From the Astros draft saga to the Scoresheet mistakes, the Outcomes devote this week's podcast to what's gone wrong.
This week on the podcast, we tackled topics concerning failure. We did our part to run in circles around the Astros draft saga and also answered some reader questions. We also spent some time considering and discussing our collective failures as Scoresheet owners in 2014. One of the things we’d like to do is setup a framework for analyzing teams that underperform, in order to identify potential improvements, patterns of mistakes, or other ways that we could have done better on draft day.
The first step is to gather information and data, including the draft day valuations, the real life MLB performance of players to date, and the Scoresheet performance of players to date. The Baseball Prospectus Team Tracker is a helpful tool to get this information, and the remainder can be found on the Scoresheet league pages. Be careful when analyzing team-level results, especially if you’ve made personnel changes (i.e. traded away short term value), because they may not be indicative of mistakes you made on draft day, but the aftermath of going Full Rebuild (tm?).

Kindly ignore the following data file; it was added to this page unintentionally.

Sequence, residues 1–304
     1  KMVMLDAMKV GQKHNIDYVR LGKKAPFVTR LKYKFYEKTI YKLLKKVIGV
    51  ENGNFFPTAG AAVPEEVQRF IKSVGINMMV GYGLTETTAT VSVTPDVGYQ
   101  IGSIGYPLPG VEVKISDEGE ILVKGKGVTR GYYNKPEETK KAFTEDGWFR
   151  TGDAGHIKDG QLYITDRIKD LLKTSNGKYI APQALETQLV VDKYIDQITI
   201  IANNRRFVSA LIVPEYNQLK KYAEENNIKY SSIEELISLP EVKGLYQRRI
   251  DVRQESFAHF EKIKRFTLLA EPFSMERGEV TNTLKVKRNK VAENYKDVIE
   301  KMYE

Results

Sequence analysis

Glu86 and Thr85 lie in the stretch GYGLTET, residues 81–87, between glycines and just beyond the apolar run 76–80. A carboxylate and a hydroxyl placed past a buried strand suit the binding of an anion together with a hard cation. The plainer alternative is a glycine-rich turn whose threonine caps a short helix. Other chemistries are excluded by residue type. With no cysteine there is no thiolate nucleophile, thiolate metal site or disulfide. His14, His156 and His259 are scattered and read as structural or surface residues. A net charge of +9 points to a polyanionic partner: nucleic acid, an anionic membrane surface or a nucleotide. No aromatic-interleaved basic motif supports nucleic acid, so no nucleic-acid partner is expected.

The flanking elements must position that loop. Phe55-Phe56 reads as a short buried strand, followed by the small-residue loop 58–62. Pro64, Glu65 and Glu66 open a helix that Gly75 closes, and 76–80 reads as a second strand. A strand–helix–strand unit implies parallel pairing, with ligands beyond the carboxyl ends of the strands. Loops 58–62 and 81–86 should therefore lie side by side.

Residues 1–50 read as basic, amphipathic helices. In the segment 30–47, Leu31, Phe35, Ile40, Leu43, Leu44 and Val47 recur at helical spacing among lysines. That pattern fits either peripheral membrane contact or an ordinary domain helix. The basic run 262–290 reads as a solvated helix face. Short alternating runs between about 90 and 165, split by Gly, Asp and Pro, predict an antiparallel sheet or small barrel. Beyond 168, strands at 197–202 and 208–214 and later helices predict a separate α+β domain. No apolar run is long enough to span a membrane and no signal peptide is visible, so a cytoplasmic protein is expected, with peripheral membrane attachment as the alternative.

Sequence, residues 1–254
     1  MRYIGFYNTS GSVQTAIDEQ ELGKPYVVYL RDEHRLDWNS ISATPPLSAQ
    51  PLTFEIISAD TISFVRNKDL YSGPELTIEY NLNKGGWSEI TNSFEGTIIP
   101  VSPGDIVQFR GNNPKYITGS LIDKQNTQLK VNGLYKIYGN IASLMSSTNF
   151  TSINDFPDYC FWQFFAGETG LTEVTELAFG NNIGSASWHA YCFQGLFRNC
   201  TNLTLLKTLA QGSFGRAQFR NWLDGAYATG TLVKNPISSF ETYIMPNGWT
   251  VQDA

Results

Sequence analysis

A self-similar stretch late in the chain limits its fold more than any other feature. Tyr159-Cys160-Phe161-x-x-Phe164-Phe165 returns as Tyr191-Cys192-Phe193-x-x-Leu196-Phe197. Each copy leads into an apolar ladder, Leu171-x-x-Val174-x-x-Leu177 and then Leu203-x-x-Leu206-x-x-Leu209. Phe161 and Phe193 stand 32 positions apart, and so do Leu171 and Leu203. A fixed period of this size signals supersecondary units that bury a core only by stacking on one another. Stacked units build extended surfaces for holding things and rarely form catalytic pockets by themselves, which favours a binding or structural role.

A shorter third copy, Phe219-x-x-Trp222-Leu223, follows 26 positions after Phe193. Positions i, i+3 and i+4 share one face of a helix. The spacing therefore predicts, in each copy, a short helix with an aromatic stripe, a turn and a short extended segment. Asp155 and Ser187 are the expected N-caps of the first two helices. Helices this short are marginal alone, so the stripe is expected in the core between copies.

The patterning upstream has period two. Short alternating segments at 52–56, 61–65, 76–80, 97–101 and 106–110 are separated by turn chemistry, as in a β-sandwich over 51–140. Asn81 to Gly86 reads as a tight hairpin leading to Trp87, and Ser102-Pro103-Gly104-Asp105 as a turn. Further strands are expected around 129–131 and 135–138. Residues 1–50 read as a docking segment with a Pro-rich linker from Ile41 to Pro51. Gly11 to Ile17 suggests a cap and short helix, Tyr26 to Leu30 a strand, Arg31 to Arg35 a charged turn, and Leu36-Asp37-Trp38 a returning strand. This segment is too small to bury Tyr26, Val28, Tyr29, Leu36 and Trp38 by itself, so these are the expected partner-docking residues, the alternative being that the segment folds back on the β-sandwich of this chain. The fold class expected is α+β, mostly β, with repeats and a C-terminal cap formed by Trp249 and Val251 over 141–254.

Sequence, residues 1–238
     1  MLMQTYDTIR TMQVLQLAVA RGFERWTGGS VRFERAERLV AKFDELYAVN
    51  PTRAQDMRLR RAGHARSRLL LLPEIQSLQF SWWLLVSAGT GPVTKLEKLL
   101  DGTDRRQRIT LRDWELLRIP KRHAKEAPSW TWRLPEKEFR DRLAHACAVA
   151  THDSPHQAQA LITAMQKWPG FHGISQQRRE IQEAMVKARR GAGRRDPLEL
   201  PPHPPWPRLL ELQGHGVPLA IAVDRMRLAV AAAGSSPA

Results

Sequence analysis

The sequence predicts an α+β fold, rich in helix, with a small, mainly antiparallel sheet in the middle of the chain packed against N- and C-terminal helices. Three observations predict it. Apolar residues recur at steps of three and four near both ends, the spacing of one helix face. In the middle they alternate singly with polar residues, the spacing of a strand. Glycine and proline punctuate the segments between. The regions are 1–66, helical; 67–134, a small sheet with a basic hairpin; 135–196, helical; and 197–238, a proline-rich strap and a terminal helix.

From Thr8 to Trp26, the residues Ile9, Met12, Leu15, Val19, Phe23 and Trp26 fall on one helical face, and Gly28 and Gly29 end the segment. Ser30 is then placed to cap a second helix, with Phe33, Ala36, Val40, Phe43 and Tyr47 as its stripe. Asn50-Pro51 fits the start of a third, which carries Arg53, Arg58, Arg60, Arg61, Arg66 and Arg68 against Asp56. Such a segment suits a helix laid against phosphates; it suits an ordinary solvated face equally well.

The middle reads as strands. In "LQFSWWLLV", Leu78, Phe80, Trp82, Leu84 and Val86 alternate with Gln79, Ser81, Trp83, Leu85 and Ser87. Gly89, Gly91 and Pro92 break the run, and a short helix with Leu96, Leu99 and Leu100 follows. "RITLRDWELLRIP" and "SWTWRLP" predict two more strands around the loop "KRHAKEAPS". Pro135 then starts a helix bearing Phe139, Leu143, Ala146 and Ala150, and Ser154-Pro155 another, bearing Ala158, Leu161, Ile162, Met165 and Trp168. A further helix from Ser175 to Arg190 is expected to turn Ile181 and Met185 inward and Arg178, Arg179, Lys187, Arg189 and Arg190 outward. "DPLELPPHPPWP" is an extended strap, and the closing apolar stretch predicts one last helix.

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Notes on prospects who stood out yesterday, including Cubs first baseman Dan Vogelbach and Nats righty A.J. Cole.
Hitter of the Night: Dan Vogelbach, 1B, Cubs (Daytona, A+): 2-5, 2 R, 2 HR.
Vogelbach put on a power display in Palm Beach on Wednesday, hitting a pair of opposite-field home runs to the left-center gap at Roger Dean Stadium, which is no small feat. The big first baseman wants to get his arms extended and is at his best when he’s trying to go up the middle. He had a tendency to reach on balls on the outer half when he gets pull happy, but when he stays up the middle, he can drive the ball to all fields, which is what happened last night. He missed a third home run by less than a foot, pulling one just foul down the right field line.
Pitcher of the Night: A.J. Cole, RHP, Nationals (Syracuse, AAA): 7 IP, 3 H, 0 R, 0 BB, 6 K.
After bouncing back and forth from Washington to Oakland and back, Cole has finally settled in with the Nationals and is now just a phone call from the majors. His premium fastball continues to carry him, and he commands it well enough to get away with average secondary offerings, even at the highest levels of the minor leagues.
Outperforming your competition year after year requires not only improvement but also staying a step ahead.
While I have been providing mid-season strategy articles of late, I came across the Red Queen effect the other day and began thinking about its impact on fantasy baseball. As a result, this article holds relevance throughout the entire season (maybe more so in the offseason), but does not hold specific relevance to this point in the season.